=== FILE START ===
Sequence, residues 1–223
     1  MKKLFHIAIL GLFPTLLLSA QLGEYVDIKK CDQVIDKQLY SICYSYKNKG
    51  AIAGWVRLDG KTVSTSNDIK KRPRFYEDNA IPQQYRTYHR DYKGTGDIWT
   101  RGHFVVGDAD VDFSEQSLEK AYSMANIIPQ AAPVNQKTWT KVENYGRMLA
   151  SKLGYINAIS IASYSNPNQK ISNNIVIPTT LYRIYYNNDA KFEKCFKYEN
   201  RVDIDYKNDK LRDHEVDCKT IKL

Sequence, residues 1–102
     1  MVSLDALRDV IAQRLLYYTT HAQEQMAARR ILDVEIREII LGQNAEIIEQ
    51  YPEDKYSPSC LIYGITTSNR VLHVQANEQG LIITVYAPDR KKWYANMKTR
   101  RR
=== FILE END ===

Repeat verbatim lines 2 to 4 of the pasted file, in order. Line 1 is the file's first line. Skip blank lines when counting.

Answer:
     1  MKKLFHIAIL GLFPTLLLSA QLGEYVDIKK CDQVIDKQLY SICYSYKNKG
    51  AIAGWVRLDG KTVSTSNDIK KRPRFYEDNA IPQQYRTYHR DYKGTGDIWT
   101  RGHFVVGDAD VDFSEQSLEK AYSMANIIPQ AAPVNQKTWT KVENYGRMLA